With a track record that includes, by a long way, the most successful fishing boat ever in Australia (the V Sea). And considering that the current model V Sea remains in any terms a brilliant 5.0 metre fishing boat. Indeed, after two decades - the original V Sea model began production in 1971 - the standard by which 5.0 metre offshore fishing boats are commonly judged. It goes a way towards explaining what it is about Seafarers.
The Seafarer brochure states, "We assume that every buyer will work the boat hard in the most difficult and rugged environments, and we build them to cope with a hard working life". Elsewhere it says, "Every Seafarer boat, from the entry level 5.0 metre boats through to the 6.8 metre models, are built to our own rigid standards, and those standards are never compromised".
Against this background, we come to the new Vega; which in so many ways can be summed up as very much a typical Seafarer. While there are few frills on it, our test boat was fitted out to a fairly basic spec from the comprehensive options list, every fitting is top quality. And the finish of the hull and its ancillaries - and the way they are assembled is impeccable.
These boats are intended to be used offshore and it shows. Helm ergonomics are as comfortable standing as seated. There are foot rests for both helm and passenger seats and grab bars where you need them, particularly behind the substantial windscreen frame. The Vega has a real, toughened-glass 'screen of course, most Seafarers are regularly used for bar crossings.
Anchoring arrangements in the Vega are conducive to safety and comfort while raising and lowering ground tackle in rough water. The cockpit has padded sides, rounded rear corners and a folding lounge. The one seen here in our test boat is the standard fitment, a deluxe lounge is an option, which quickly folds out of the way or comes out altogether - the seat cushion does anyway.
Inside the cabin the bunks are an old fashioned six foot-long with cloth coverings to make overnighting a feasible proposition for average height people, tall folk will find them a little short.
After a quick look around the eye zeroes in on detail. In front of the helm there's neatly matched propriety instrumentation with dash- mounted Lowrance sounder and GPS and a compass is mounted high in the helmsman's line of sight.
Helm and passenger seating in the test boat has departed from the traditional big padded buckets favoured by the offshore set. When I queried Lindsay Fry about this he told me the slim line seats in the test boat were something they were trialling. As he pointed out, it can be difficult to extricate yourself quickly from those deep buckets. I must say that for my, admittedly scrawny, frame they were supremely comfortable in any case.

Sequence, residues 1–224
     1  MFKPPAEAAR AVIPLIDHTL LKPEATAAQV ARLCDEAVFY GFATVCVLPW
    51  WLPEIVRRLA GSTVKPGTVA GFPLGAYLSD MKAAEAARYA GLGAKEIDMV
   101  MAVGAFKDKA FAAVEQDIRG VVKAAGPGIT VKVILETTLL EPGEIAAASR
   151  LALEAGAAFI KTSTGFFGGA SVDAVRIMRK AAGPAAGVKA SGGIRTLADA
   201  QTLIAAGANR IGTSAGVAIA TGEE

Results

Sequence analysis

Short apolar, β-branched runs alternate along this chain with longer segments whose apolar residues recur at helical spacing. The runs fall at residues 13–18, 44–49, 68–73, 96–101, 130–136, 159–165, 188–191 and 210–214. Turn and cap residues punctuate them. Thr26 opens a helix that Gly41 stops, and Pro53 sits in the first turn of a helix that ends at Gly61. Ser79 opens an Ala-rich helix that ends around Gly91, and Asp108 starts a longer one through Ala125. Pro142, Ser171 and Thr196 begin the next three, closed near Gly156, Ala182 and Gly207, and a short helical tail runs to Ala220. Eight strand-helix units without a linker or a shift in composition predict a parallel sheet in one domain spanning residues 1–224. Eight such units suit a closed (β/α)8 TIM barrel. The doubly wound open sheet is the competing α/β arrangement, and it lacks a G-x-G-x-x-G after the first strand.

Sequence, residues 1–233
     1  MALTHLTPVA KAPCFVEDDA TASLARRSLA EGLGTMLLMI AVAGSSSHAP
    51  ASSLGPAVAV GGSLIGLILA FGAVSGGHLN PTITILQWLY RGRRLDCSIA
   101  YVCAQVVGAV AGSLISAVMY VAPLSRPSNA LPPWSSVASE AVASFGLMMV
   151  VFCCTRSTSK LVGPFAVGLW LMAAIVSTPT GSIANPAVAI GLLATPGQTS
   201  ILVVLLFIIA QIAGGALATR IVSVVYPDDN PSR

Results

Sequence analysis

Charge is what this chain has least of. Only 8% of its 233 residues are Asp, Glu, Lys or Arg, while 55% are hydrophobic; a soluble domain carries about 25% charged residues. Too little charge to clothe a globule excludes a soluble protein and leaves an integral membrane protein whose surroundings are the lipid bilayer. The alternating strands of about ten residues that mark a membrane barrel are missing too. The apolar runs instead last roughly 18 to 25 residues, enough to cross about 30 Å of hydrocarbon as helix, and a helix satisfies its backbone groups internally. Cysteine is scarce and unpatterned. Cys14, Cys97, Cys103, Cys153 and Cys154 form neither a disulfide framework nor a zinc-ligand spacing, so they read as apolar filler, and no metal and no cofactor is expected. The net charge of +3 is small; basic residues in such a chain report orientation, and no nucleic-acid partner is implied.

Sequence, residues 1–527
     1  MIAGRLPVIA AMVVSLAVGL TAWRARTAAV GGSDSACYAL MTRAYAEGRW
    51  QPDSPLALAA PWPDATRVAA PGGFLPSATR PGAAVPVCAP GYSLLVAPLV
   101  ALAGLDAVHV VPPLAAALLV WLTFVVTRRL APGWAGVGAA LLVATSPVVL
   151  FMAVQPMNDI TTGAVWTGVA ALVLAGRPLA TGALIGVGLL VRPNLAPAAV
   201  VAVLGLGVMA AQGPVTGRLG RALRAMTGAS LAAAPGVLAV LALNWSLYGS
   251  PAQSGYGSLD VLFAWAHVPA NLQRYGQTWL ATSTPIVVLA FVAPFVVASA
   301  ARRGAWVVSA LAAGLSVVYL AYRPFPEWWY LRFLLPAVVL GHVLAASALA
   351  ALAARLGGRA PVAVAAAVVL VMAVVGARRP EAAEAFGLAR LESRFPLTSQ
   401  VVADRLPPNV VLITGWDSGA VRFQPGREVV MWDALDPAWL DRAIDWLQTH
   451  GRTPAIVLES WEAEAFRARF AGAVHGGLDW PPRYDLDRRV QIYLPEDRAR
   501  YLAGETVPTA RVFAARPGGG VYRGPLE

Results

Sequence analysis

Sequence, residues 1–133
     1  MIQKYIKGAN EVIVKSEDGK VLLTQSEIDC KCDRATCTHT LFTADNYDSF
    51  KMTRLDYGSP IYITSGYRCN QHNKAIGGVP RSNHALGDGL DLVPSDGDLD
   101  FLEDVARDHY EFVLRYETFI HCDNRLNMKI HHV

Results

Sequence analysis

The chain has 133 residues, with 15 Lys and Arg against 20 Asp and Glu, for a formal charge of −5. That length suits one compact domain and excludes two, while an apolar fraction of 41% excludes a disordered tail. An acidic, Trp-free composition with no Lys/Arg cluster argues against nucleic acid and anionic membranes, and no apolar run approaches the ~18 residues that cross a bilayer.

Each seat in the test boat was mounted atop an optional storage box with a waterproof door opening towards the centre of the boat. A deluxe storage box option adds an extra seat behind these facing the stern. Out in the cockpit the pop up stainless steel rear cleats go unnoticed - until you go looking for the rear cleats. An aluminium stair tread along the topside of the side pocket padding prevents wear when anyone exits over the cockpit sides.
A grab bar is recessed along each side of the cockpit topsides. Opening the lidded well set in each corner of the covering board finds a round well underneath. Most would plumb one of these as a livewell and use the other for bait and/or drink storage. Those rounded shapes look after baits by leaving no corners for them to become disoriented in.
The fuel filler is outboard in the engine well. There are twin-breathers to prevent fuelling blowbacks and the oil reservoir fillers are there too, albeit probably unnoticed until needed. Every metal fitting on the boat from the rod holders, set into the cockpit's covering boards, to any hinges and fasteners and even the shape top's fittings are highly polished stainless steel. Welding and general finish on the stainless steel targa bar leaves nothing to be desired. Six rods can be racked up there out of the way. There are horizontal racks along the cockpit sides above the side pockets too, and there are also mountings for radio and GPS aerials and nav lights. The targa bar folds back to lower the boat's profile when garaging.